Kid-o-metre 4.5/5 Either with or without the cherry juice, the kids rated this drink highly.
Taste: 3.5/5  What’s with the .5 right? well it’s the result of science man.
Simplicity: 5/5 A no brainer…unless you have to make your own bitters.
Ingredient finding: 3/5 two ingredients that are “ship in only” for our small town.

Virgin Manhattan – Smoky and Strong

The second version I found online at convivial.org required some more challenging ingredients: Lapsang Souchong smoked black tea, a second black decaf tea, and pomegranate juice along with orange bitters and simple syrup and vanilla. I chose a rooibos de province from DavidsTea, since it’s fruity flavour would blend well with the pomegranate juice, and brewed up the two teas for the drink as per the instructions (2 bags tea per 6 oz boiled water).
This drink did not go over well with the adults in our family the first time I made it. Me own mum likened the drink to musty mattresses, dad said it reminded him of burned food while camping, my husband took two sips and simply refused to drink the rest. I made the tea separately, about a week later, and realized that my original tea brew was stronger than it should have been, and over steeped. The recipe indicated using two bags of tea for 6 oz boiled water, I used loose tea and used 2 tsp per 6 oz of boiled water. It is possible that this smoked tea is stronger than a bag version, and that overstepping created a more acidic and bitter flavour. My tea loving father tried the tea plain from the first batch, made a face and stated it tasted like medicine. My tea loving niece tried the tea from the second batch, and finished the glass, enjoying the taste. I tried both and the first attempt was indeed an epic fail.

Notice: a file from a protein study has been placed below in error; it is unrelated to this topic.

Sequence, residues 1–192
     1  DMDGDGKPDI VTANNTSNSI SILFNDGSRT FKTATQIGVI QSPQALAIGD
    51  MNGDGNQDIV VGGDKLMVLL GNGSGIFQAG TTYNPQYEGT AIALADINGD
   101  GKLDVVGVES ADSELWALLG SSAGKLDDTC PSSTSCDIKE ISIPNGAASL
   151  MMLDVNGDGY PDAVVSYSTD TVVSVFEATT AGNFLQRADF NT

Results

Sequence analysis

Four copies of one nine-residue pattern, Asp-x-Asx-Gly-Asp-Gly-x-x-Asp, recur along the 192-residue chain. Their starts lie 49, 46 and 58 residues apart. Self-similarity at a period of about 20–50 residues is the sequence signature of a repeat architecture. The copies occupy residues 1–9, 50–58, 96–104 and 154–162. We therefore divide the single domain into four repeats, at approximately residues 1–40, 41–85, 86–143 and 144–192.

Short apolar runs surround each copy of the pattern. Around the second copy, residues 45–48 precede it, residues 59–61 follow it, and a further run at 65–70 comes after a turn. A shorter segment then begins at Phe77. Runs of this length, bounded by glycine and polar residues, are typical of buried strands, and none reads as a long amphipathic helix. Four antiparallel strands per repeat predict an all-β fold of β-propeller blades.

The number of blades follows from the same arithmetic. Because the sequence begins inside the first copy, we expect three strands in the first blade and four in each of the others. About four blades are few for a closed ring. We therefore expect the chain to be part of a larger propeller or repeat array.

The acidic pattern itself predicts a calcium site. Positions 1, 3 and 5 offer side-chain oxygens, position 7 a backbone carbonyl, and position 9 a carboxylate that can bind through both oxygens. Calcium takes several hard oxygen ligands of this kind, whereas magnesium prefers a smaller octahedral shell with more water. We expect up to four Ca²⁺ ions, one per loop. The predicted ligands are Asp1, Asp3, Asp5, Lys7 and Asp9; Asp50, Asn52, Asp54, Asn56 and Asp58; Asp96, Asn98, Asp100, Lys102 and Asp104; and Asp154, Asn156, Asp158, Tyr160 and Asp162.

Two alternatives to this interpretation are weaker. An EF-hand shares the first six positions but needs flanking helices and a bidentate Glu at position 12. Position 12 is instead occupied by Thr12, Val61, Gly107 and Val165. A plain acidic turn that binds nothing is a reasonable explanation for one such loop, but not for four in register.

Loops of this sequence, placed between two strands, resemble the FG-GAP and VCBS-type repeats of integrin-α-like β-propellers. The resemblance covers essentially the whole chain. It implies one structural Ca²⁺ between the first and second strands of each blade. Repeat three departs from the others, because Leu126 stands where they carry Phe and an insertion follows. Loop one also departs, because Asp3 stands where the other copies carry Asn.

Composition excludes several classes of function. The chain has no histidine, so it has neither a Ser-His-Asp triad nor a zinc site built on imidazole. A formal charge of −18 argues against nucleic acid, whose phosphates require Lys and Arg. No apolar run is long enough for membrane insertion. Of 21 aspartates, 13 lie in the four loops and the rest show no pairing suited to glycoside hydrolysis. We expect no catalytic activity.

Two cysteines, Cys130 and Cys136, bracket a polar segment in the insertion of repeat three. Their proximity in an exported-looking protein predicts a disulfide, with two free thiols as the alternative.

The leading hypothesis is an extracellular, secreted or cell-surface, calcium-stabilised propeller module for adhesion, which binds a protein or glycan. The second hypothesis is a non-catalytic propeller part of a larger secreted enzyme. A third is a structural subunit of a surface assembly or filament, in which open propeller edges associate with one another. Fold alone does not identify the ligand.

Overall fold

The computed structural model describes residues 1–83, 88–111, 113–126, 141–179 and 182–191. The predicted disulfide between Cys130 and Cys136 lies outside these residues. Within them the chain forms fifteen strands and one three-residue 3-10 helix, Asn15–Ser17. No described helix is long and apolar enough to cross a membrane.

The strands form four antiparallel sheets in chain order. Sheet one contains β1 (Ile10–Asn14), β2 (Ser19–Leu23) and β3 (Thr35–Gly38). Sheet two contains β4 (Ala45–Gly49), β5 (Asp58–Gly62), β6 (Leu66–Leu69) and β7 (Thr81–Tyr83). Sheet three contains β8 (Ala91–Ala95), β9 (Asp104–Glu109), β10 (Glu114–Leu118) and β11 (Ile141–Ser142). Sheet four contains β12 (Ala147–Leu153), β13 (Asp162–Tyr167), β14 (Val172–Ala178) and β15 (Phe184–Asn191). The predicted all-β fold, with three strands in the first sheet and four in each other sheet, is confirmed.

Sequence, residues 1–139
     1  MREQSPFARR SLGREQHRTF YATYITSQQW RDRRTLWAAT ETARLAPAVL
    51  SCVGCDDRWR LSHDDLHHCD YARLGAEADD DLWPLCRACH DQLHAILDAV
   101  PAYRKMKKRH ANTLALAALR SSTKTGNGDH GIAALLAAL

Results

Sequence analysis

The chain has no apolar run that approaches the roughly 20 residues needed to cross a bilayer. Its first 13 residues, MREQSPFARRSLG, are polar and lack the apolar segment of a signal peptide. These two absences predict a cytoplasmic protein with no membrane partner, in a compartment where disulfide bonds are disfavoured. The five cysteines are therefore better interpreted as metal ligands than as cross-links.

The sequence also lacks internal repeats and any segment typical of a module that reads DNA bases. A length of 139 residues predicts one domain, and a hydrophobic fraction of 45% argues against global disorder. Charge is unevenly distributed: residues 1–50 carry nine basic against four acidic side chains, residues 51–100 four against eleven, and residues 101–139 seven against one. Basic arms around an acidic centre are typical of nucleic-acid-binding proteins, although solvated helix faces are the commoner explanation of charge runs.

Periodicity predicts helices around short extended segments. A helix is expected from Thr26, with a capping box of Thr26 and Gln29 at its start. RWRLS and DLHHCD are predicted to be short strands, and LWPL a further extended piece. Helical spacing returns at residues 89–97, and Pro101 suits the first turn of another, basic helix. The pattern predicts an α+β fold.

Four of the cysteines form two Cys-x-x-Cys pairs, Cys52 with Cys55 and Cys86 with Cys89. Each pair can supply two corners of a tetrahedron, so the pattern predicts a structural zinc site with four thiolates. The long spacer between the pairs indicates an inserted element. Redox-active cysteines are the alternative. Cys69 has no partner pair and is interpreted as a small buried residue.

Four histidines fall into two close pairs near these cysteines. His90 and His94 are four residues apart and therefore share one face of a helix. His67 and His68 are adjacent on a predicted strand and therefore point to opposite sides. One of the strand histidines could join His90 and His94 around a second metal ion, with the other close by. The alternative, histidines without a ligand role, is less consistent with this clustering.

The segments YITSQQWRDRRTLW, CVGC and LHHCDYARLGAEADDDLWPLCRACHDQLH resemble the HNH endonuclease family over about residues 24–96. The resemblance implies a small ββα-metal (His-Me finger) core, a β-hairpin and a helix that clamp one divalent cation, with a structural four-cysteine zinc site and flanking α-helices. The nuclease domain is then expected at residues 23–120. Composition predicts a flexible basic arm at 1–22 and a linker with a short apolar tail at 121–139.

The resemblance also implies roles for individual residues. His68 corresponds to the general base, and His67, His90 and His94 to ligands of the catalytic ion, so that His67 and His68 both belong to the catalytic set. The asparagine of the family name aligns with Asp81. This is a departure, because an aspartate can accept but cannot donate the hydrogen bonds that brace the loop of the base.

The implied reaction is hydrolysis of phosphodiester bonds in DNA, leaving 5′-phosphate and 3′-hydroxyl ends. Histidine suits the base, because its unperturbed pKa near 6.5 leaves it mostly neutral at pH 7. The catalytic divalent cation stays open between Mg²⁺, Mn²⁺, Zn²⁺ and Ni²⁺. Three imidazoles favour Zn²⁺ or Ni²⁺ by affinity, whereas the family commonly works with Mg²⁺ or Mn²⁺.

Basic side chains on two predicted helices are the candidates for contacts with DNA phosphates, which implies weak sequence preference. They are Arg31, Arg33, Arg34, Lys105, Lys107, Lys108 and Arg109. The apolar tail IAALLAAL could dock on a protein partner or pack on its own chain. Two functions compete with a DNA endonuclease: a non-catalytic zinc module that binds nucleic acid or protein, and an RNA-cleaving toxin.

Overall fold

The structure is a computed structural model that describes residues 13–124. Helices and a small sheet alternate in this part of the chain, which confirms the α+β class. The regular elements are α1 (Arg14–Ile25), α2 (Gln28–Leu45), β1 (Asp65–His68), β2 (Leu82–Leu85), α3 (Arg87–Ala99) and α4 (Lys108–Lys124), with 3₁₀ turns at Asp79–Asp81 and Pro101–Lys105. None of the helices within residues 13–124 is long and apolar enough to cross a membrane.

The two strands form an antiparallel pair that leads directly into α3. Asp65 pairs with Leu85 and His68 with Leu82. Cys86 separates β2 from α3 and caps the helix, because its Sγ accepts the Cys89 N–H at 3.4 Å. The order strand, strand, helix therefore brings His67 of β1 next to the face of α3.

The purpose of the smoked tea was to add the smokiness of the bourbon, but I have been told that bourbon isn’t smoky, it is sweet. The second batch of tea was indeed more tea like and had a hint of sweetness but the tea was made with only the regular amount called for (not double strength) which in this case was 1 1/4 tsp per 240 ml.
Ingredients:
I would recommend the following tweak:
  • 1 1/4 tsp Lapsang Souchong smoked black tea steeped for 3 minutes in 60z boiled water.
  • 2 tsp decaf black tea (rooibos or other) steeped for up to 6 minutes in 6 oz boiled water.
  • 1 1/2 oz pomegranate juice
  • 4 dashes orange bitters
  • 1 tsp simple syrup
  • 1/2 tsp vanilla
  • (cherry for garnish)
Procedure:
Steep both teas as directed. Mix juice bitters, syrup and vanilla with 1 1/2 oz black tea only. Taste the drink, and ad the smoky tea in small increments (up to 1 1/2 oz) to get just the right amount of smokiness without overpowering the drink – similar to bitters, the flavour is very powerful. We found that 1/2 -1 tsp was enough to lend the smoky flavour and maintain the sweetness and fruity flavour of the drink with the original over steeped double strength tea. When remade with the regular strength tea….
Our Thoughts:

This drink, once perfected to a mild smoky taste was surprisingly easy to serve to both kids and adults. One adult still found the smoky flavour too much, but both kids rated this favourably and my youngest said it tasted like sour key candies. Compared to the first drink, due to the broad spectrum of opinions this drink rates lower. The original recipe calls this a Sophisticated Manhattan – which indicates that not every palate will appreciate this drink.